Written by Deborah Underwood
Illustrated by Meg Hunt
Published by Chronicle Books LLC (2015)
As a contributor for SciFi4Me and lover of nerdy stuff, I accidentally subject my daughter to a lot of geek media. Because she’s 5 now, she’s also had a life filled with fairy tales and cute cartoons with a message. The natural marriage of those concepts comes crashing together in Deborah Underwood’s poetic and nerdy Interstellar Cinderella.
I got this book in 2015 from a close friend, in the hope that the kid and I could have nerdy story time together. I loved the cover art from the start and was immediately struck by the small details put into the experience. From the inside cover filled with space-like tools (what the heck is an antimatter hammer, anyway?) to the creative designs of the aliens, the atmosphere is spot on.
As any parent can attest, the pictures alone really don’t make the book experience for you, but the readability – or, rather, re-readability. Fortunately, Interstellar Cinderella falls into the sublimely Seussian realm of perfect rhymes, even with silly words. Subsequent re-reads never seem to get old, and the better you get to know it, the more you can enjoy the pictures while you read.
So, what is it that makes this stand out for my daughter? I don’t really know, to be honest. We love space, we love robots, and we love fairy tales, but we’ve also seen this type of adaptation fail before. There’s some element specific to Underwood’s rhymes with Meg Hunt’s illustrations that forms a perfect sensory storm. A large portion of the text itself is dedicated to spoken lines of five of the central characters, so character voices are a great way to make the short story come alive.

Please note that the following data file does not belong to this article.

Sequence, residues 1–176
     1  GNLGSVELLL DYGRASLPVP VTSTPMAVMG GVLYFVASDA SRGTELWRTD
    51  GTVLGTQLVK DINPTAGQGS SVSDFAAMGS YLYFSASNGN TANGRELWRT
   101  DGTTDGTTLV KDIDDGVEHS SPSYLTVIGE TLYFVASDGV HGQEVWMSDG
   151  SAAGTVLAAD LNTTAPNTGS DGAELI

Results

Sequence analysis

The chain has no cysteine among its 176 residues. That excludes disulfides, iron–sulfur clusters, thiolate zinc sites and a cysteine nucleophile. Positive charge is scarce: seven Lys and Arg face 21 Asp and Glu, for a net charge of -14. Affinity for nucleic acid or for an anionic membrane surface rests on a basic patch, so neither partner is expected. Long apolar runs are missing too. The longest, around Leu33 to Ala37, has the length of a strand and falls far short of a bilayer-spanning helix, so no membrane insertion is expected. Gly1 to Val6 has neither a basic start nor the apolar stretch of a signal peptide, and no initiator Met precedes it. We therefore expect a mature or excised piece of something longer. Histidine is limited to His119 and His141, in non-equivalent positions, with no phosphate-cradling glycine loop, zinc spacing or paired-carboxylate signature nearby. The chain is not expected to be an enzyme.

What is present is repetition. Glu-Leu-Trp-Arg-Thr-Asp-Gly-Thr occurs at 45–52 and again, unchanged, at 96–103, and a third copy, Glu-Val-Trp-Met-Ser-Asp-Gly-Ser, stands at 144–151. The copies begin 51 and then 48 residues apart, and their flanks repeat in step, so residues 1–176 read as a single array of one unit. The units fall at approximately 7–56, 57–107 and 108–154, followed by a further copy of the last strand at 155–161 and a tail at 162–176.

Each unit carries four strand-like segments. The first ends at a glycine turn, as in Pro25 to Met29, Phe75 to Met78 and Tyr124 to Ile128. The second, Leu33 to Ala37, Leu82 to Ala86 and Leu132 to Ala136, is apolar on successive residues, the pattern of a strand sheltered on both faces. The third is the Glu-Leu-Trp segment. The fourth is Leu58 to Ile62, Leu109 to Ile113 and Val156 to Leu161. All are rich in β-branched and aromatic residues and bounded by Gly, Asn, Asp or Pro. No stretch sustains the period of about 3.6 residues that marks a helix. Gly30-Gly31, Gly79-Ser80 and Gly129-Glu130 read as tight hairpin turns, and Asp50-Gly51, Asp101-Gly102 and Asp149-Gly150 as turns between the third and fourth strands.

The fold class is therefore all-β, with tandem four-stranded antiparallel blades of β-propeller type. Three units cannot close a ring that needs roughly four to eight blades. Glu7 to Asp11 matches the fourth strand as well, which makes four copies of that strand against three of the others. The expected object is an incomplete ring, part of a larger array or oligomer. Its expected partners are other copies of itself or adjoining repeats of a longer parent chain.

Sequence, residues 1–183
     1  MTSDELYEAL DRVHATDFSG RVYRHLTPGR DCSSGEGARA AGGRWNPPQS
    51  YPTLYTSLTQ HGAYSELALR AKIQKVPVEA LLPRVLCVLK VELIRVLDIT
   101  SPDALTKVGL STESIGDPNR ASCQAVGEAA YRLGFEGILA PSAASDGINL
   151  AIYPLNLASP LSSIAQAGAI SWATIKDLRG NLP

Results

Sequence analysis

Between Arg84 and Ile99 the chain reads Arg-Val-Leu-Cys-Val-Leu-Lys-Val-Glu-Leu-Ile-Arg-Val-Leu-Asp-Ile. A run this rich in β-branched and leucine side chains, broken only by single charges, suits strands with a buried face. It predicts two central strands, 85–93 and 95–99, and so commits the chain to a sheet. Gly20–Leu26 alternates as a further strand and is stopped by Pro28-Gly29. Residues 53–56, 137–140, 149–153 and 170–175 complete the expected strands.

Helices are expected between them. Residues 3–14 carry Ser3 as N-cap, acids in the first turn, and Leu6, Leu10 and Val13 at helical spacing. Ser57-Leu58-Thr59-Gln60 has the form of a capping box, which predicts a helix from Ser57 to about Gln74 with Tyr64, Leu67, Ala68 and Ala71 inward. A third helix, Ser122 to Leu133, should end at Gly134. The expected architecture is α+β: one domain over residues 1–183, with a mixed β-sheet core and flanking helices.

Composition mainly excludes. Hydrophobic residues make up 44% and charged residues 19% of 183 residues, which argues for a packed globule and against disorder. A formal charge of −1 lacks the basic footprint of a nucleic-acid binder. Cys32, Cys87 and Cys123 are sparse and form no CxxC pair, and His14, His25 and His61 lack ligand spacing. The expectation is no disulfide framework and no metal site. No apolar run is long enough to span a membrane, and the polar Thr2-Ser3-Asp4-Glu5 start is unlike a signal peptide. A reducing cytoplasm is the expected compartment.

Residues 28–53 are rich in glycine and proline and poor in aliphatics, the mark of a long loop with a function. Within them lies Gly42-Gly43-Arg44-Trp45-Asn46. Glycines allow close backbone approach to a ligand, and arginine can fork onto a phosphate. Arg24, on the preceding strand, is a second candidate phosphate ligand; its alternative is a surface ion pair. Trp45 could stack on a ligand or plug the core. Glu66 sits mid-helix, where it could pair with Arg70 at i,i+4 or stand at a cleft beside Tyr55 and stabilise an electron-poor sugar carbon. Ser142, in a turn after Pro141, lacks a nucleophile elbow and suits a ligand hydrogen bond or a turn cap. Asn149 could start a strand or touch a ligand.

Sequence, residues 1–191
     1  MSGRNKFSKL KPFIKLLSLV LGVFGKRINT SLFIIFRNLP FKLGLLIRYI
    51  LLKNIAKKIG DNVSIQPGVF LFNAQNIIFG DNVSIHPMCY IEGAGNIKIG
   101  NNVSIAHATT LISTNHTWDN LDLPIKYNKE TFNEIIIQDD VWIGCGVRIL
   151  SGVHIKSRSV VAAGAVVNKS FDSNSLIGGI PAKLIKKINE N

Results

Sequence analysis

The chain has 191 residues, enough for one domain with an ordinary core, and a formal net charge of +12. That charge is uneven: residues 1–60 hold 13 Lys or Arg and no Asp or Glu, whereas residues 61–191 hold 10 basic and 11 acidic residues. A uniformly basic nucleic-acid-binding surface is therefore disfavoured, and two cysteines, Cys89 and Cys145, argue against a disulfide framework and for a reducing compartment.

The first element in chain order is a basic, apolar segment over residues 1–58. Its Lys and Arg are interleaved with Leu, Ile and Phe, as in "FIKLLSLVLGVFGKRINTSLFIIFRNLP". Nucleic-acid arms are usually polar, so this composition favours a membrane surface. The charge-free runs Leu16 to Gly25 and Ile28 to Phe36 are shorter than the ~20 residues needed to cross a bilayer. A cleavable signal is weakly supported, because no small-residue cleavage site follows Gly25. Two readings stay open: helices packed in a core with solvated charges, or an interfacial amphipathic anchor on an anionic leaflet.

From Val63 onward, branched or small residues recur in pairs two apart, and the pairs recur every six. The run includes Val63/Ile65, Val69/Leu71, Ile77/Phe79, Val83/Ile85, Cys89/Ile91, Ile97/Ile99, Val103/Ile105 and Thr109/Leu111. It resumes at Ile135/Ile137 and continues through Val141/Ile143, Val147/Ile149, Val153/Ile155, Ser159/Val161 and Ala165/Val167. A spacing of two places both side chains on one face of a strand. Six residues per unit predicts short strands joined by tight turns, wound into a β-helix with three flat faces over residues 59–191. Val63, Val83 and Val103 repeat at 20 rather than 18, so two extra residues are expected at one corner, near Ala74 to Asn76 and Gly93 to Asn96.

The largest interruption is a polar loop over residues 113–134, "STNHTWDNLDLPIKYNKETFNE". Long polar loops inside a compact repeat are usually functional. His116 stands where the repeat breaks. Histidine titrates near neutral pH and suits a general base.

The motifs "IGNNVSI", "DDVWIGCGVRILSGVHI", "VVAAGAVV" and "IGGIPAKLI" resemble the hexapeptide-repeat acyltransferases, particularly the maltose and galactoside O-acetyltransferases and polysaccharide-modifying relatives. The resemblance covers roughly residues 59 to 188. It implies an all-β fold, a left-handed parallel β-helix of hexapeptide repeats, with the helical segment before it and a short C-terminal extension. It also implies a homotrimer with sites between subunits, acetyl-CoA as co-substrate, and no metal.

Copyright Deborah Underwood, Meg Hunt
Boy, what a story! We all know the basics of Cinderella, I’m sure – girl has dad, dad meets lady, lady (and daughters) mistreat girl, girl meets prince, zany antics ensue. The best thing about this book is that it cuts out exactly what isn’t necessary in order to highlight the story, in order to better fit in the elements that make it different. Cinderella dreams of fixing rockets, with her android mouse Murgatroyd to keep her company. There are stars, there are rockets, and on top of all of it, there’s a message. Does Cinderella give up her dreams of fancy rockets for a place at her prince’s arm? Not exactly…but the twist can satisfy just as well.
All told, we’ve had this book right around two years, and it gets read at least one night a week – as well as some afternoons, the occasional morning, and once in awhile during the bath. There are a lot of books at our house, and not all of the ones we share are kid-specific book, but Interstellar Cinderella stands out as one of the rare examples of a kids book that I still adore. It goes down as not only one of the best gifts that has been given, but also a book I look forward to using as ongoing staple in our house.